Send St. Clair to State: I understand that your job as a "music critic" isn't really to give constructive criticism to the "shitty" bands that you so randomly decide to hear. Excuse my language, but give me a fuckin' break. I stumbled across your review of the bands at the Cherry Bar on the Weekly's Web site this week and was greatly appalled. I was at this very same show and have also met [the] little leprechaun psychoanalyst friend you speak of. And, well, I'd like to give you some advice. Every good critic needs a critic of [her] own, right? To start, I must admit I know absolutely nothing about you, and indeed you know absolutely nothing about me ... let's keep it that way. Although I probably saw you that night, I obviously don't remember. But I can just imagine: From your article's intonation and talk of "Oh, shit, hippies," you're probably one of those washed-up, we-hate-the-world-generation chicks with your blond hair dyed black and nose ring proudly displayed ....
Forgive me if I'm way off, but I thought you were a bit harsh on the bands performing that night. I've read a few music reviews in my time, and in comparison I thought the article you wrote was just a coldhearted, closed-minded splattering of local acts. You must first examine the venue you're in. This place is a stepping stone for new acts, so before asking the bands to ratchet up the bar, you better ask the bar to ratchet up its rep.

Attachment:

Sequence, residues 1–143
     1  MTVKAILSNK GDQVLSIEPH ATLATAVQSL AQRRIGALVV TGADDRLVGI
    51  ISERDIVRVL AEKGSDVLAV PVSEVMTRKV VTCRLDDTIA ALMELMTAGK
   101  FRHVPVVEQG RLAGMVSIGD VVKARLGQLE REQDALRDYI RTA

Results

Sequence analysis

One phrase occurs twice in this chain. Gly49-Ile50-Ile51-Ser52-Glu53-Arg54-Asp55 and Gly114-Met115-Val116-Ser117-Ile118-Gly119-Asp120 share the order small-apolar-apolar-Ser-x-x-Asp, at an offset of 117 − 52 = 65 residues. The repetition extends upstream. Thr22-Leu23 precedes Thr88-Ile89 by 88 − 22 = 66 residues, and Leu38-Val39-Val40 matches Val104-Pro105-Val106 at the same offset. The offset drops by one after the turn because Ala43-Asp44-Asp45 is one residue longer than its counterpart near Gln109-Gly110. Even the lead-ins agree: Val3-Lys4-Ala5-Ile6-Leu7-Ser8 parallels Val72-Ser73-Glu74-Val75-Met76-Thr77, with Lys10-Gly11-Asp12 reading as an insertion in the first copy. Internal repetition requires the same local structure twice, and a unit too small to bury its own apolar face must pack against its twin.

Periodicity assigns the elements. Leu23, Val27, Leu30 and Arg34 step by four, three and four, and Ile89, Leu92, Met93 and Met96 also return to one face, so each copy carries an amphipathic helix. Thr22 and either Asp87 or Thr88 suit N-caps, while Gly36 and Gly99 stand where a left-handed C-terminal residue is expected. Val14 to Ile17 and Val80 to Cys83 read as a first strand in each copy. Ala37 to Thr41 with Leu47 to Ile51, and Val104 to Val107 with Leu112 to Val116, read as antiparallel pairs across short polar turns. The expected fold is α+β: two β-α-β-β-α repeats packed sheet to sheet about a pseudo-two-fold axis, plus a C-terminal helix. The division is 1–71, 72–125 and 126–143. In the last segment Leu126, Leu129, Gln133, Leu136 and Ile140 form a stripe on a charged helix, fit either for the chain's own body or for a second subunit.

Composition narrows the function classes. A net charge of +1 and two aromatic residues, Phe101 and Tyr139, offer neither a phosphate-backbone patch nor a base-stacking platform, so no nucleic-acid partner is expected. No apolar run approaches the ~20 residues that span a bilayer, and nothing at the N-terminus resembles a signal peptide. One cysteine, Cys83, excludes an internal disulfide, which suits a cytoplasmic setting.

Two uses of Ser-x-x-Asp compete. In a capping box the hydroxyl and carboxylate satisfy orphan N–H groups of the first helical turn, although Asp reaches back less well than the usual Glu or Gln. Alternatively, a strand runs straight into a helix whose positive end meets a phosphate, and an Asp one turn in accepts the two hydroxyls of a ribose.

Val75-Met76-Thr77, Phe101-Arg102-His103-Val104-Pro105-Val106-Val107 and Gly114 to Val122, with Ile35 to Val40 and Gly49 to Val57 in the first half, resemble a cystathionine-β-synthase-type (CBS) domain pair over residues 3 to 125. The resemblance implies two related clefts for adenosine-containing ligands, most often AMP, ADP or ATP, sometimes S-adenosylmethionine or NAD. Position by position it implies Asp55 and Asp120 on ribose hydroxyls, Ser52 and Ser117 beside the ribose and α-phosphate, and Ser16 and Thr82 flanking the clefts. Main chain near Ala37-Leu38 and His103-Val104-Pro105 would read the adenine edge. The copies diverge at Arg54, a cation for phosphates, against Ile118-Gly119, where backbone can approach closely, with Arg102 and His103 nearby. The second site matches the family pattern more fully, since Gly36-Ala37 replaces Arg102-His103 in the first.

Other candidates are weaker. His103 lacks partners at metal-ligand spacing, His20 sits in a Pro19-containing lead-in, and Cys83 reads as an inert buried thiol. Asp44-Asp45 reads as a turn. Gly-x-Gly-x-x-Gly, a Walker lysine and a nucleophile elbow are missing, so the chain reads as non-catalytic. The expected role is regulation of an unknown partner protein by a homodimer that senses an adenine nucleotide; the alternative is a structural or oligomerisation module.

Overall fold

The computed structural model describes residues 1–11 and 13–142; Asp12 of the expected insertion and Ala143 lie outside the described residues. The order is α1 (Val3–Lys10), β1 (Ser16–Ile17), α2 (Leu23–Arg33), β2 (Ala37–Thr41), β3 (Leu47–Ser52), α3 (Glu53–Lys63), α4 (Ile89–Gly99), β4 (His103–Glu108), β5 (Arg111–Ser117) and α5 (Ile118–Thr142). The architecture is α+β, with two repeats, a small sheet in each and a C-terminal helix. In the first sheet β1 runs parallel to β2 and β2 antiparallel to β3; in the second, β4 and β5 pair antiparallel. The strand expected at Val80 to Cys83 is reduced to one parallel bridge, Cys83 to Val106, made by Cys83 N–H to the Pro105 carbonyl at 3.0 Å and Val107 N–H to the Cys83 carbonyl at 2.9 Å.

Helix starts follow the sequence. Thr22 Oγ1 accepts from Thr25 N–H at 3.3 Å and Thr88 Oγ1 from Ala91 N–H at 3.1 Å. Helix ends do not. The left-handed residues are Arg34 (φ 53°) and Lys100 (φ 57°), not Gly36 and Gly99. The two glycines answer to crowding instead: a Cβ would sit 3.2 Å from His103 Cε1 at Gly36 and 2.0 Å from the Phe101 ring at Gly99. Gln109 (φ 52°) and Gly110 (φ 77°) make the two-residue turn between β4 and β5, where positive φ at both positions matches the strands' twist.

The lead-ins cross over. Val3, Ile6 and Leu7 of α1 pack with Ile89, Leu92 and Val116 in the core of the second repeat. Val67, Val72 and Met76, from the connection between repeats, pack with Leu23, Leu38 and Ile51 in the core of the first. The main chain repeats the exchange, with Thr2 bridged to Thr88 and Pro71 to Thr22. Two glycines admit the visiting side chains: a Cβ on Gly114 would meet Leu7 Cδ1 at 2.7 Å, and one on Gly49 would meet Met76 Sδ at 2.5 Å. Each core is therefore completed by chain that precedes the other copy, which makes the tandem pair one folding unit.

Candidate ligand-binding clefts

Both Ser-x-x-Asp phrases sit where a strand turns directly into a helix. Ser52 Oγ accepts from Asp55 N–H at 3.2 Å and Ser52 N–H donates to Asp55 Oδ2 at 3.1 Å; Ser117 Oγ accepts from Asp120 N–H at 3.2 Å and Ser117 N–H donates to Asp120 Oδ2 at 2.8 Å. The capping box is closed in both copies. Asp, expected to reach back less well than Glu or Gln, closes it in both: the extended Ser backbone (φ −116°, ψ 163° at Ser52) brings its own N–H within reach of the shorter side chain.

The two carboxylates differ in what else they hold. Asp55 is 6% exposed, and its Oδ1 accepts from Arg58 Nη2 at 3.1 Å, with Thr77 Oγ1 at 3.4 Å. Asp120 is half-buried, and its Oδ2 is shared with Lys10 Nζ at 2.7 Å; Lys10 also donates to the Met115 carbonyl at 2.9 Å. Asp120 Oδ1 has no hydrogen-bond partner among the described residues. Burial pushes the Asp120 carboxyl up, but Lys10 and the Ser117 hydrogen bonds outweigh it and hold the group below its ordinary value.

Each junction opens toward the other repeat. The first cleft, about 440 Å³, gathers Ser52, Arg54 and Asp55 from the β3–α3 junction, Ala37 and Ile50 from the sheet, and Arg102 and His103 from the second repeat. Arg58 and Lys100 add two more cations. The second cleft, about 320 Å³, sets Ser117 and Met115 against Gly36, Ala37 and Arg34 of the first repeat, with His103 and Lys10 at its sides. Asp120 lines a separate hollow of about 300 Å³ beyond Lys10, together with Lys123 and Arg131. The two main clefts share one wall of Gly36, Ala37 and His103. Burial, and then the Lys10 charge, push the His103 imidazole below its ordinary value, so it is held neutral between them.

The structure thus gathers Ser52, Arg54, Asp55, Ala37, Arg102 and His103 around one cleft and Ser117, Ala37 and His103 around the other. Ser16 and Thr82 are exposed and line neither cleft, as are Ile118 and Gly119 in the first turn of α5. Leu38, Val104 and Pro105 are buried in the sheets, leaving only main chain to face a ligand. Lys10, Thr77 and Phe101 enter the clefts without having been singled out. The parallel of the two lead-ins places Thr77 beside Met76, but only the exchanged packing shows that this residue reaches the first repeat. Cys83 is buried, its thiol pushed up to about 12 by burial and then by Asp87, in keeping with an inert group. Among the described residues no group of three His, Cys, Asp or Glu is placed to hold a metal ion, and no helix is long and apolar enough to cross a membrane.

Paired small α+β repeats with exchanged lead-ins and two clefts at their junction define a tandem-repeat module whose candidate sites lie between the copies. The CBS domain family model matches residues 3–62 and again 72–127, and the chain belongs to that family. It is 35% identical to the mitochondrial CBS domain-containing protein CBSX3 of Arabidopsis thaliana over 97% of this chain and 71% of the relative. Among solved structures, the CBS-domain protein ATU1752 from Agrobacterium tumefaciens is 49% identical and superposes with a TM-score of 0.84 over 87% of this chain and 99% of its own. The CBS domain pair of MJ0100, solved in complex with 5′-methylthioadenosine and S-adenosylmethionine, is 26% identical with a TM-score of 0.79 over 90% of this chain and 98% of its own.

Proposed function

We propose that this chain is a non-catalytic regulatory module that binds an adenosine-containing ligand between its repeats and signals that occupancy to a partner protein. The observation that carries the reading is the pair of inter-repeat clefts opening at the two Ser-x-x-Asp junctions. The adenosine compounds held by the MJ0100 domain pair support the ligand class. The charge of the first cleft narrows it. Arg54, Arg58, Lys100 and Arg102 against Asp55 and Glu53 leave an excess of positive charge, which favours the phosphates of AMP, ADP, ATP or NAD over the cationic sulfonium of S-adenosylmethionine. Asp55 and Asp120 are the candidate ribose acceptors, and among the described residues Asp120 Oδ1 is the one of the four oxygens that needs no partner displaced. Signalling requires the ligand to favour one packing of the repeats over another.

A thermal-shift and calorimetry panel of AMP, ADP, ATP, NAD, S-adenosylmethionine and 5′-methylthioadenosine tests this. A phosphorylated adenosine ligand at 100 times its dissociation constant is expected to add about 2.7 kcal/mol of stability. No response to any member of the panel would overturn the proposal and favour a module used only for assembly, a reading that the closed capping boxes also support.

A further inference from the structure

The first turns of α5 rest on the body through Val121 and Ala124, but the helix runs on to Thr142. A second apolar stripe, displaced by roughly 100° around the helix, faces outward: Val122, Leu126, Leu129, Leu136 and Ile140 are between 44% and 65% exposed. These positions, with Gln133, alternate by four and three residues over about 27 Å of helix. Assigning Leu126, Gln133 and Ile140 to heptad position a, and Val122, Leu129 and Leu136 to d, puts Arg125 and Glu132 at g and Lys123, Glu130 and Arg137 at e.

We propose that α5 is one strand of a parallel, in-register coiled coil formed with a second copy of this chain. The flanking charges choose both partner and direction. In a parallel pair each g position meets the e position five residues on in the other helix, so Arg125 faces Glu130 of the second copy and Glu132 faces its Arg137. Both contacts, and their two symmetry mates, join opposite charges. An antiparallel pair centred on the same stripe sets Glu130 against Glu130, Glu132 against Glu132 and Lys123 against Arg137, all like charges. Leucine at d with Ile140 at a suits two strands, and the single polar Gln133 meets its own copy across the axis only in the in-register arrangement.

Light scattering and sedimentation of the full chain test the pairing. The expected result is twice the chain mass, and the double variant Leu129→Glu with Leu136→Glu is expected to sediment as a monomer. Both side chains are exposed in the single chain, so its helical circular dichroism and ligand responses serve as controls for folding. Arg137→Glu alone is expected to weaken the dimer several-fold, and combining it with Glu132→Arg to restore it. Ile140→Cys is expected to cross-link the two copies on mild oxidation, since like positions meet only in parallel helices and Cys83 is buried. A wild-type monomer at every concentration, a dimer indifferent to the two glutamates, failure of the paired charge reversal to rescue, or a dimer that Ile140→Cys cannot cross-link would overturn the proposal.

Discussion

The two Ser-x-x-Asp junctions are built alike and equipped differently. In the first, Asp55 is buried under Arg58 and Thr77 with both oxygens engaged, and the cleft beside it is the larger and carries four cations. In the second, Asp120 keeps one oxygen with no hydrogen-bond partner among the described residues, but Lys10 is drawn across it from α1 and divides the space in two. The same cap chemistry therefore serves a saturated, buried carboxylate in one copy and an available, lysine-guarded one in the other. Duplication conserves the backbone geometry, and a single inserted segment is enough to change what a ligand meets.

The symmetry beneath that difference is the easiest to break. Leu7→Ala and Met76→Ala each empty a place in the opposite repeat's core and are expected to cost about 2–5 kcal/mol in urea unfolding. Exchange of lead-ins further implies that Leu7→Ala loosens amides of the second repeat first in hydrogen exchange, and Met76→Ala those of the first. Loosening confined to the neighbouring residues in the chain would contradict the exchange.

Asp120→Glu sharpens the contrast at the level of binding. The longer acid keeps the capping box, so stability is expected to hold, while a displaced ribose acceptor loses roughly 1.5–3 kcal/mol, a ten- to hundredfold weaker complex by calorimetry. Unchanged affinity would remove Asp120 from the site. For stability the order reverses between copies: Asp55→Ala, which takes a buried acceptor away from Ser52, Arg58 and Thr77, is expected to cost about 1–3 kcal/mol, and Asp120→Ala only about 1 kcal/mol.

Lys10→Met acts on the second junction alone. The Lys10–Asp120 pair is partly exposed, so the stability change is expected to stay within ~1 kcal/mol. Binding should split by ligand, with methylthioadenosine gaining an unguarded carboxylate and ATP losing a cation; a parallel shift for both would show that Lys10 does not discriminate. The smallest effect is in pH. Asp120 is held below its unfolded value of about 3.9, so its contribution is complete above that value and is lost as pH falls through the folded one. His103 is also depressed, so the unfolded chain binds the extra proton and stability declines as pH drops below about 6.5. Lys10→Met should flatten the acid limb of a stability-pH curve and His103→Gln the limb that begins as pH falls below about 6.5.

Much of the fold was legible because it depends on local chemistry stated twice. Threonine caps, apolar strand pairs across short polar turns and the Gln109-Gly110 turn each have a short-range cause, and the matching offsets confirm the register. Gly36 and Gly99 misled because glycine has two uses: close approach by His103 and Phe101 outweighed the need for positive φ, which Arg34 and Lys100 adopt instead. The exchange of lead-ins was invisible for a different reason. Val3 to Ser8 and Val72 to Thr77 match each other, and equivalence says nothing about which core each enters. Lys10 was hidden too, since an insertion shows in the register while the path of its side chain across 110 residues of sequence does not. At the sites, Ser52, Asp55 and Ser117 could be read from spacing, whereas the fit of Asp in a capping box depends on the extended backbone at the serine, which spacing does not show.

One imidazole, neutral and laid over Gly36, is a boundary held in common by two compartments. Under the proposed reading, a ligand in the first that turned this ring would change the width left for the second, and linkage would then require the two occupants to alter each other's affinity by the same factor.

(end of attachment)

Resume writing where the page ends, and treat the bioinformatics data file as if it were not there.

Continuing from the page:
My point is: I don't know if you had a limited number of words or were just careless in your complexity and analysis, but you missed and mistook a lot of things in your review. My suggestion is to attend a journalism class at SFSU on how to be a critic.
In support of the Covered Wagon Preservation Act of 2006: Somehow, I was accidentally booked into a "country night" at the Cherry Bar. Don't ask me how that happened (the club is still having an identity crisis), but it did. We had a recording session the next week and could use the practice time before stepping into the studio, so I kept myself from canceling the gig, although I knew that we would just be playing for the 10 people who didn't empty the room after being subjected to the crank and crunch of "Redwood City Rock City."